miRNAs can fold back on themsleves, trans-acting siRNAs are processed by RNA dependent RNA polymerase

 

 

What does Nat-siRNAs stand for, and how are these usually formed?

 

Natural cis-acting siRNAs, these are derived from transcripts that overlap in such a way that double stranded RNA can form.

 

 

modern Transcriptomics

How could you make your own microarray in the lab featuring several hundred genes? (Or in other words which kind of microarry has the simplest technique)

 

One could use a nylon microarray where one would spot cDNAs from the genes one is interested in. Extracted RNA from the organism would be labelled with radioisotopes

 

 

What is the typical number of probes found on a two color glass side microarray, where cDNAs are spotted [10s 100s 1000s 10,000s 100,000s]?

 

1000s

 

 

What is the typical number of probes spotted on a short oligo one color glass side microarray 10s 100s 1000s 10,000s 100,000s?

 

100,000s

 

 

What is a main advantage of two color microarrays, if you were to compare a mutant versus a wildtype in one condition?

 

One would label RNA from the mutant with one color and from the wild type with the other color and hybridize the pooled samples onto the microarray. Washing, batch and other artifcats etc. would thus effect both samples the same way, and would hopefully mostly cancel out.

 

 

What is a major advantage of two color arrays for poor labs?

 

They are cheap

 

 

What are PM and MM probes on an Affymetrix chip?

 

These are "p"erfect match and "m"ismatch probes. Both are usually 25nt long. However whilst PM probes should hybridize perfectly, MM probes have a nt exhange in the 13th nucleotide.

 

 

What is a major advantage of having many probes per gene on the Affymetrix chip?

 

One can hope to remove spatial artifacts, and generally having more probes per gene helps in getting a robust estimate. This is the same as in the lab where you would do replicates. In addition one can order the probes 5' to 3' to monitor degradation.

 

 

What can be a disadvatage of Affymetrix chips?

 

The price. In addition gene models might get revised, new genes be found and this would not be represented (a problem of all microarrays)

 

 

Name some general advantages of microarays?

 

Rapid, Method and data analysis well described and supported, not too expensive

 

 

Name some general disadvantages of microarays?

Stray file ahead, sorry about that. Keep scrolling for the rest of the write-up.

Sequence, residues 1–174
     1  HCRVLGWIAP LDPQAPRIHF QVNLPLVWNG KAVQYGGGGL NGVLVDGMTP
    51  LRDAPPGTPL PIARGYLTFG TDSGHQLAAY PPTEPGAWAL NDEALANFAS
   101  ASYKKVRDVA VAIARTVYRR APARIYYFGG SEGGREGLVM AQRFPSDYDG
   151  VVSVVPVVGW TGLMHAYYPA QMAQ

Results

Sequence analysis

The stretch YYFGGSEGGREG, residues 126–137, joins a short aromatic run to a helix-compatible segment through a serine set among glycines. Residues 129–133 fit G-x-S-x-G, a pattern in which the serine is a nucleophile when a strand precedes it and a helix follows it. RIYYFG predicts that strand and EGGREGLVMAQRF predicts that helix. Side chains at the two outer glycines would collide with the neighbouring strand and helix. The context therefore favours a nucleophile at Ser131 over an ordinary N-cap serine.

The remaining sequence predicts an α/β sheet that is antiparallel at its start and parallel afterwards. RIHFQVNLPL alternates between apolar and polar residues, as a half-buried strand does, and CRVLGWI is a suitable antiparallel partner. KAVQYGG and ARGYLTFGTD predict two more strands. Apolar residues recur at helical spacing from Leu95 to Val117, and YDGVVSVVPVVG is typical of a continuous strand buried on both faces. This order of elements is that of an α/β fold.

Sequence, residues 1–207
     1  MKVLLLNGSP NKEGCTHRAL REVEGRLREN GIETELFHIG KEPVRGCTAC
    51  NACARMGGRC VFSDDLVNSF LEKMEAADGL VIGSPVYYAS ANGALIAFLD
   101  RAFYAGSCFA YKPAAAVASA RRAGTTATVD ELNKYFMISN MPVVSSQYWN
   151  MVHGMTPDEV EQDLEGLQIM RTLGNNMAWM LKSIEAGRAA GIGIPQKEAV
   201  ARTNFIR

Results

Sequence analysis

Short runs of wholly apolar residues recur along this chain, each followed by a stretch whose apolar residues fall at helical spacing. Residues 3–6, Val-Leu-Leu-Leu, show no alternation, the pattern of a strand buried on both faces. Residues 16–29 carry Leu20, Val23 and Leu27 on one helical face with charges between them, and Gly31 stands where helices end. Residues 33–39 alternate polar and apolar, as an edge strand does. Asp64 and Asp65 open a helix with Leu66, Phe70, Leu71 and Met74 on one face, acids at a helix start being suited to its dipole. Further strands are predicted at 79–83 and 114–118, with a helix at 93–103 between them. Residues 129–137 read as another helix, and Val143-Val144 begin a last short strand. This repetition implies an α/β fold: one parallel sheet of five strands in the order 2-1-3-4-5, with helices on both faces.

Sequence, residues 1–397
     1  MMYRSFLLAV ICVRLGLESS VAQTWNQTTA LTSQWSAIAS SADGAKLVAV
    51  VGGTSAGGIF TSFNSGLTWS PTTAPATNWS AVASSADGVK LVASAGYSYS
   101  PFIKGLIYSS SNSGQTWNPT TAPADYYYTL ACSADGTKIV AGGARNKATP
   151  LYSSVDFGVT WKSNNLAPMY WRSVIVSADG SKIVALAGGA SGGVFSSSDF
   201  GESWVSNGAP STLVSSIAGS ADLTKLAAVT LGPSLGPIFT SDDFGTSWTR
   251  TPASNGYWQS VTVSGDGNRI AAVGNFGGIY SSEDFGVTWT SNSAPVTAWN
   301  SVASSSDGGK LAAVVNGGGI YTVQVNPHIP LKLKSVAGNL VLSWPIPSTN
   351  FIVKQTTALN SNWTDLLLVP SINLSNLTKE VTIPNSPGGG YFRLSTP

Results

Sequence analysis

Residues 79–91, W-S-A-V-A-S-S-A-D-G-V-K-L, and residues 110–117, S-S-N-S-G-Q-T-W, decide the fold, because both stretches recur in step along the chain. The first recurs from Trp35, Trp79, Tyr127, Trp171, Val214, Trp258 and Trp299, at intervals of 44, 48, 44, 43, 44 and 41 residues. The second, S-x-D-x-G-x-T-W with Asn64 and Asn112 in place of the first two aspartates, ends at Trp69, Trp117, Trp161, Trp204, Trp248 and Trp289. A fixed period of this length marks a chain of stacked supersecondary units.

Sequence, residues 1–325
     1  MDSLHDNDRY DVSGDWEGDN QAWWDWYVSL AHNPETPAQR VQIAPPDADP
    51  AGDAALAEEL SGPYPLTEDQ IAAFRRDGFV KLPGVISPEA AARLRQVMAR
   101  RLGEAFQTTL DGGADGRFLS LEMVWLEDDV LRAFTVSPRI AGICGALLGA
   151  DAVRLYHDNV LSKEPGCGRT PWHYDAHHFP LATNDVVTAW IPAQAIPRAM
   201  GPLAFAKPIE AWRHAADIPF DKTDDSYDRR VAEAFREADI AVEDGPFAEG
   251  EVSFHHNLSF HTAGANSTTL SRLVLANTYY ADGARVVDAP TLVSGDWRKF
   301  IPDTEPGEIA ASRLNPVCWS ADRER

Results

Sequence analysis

Closed system approach (what's on is on and what isn't can't be measured), difficult to correlate with absolute transcript number, problems to detect alternative splice forms (but tiling arrays can help here), some sensitivity problems with lowly expressed genes

 

 

Name some (next generation) platforms that could be used for sequencing (at least three)?

 

Solid, Iontorrent, 454, Illumina, PacBio

 

 

Please give an estimate about the output of a sequencing run for 454/solid/illumina 100K bases 1M base 10 Mbases 100Mbases 1Gbase 10 Gbase 100 Gbase 1Tbase?

 

454~1Gbase, Illumina and Solid 100s of Gbases

 

 

Estimate the sequence read length of a contigous read (if forward and rverse reads can be obtained choose the longer read e.g. 15+75 => 75) per platform for 454/illumina/solid 10-49, 50-99, 100-499, 500-1000, >1000?

 

454 500-1000, solid 75 forward and 35 reverse-> 50-99, Illumina 100 forward and reverse -> 100-499

 

 

What is the principle behind illumina sequncing (Explain the method)?

 

All dNTPs are blocked and labelled with a dye (4 different dyes for 4 dNTP derivatives). Thus only one dnucleotide can be incorporated at each time. After incorporation, these area imaged and then the dye and the block is cleaved off-> a new cylce can be performed.

 

 

When you use RNA sequencing to determine expression, what are the major disadvantages?

 

expensive, computationally more difficult, having a reference is very important

 

 

When you use RNA sequencing to determine expression, what are the major advantages?

 

It is an open platform you sequence all that is in there (except probably rRNA which is usually filtered out), you can get single base reolution, you can sequence as deep as you want (limited only by sample amounts), you might be able to get quantitaive and qualitative information

 

 

When you use RNA sequencing to determine expression, what are the major advantages?

 

It is an open platform you sequence all that is in there (except probably rRNA which is usually filtered out), you can get single base reolution, you can sequence as deep as you want (limited only by sample amounts), you might be able to get quantitaive and qualitative information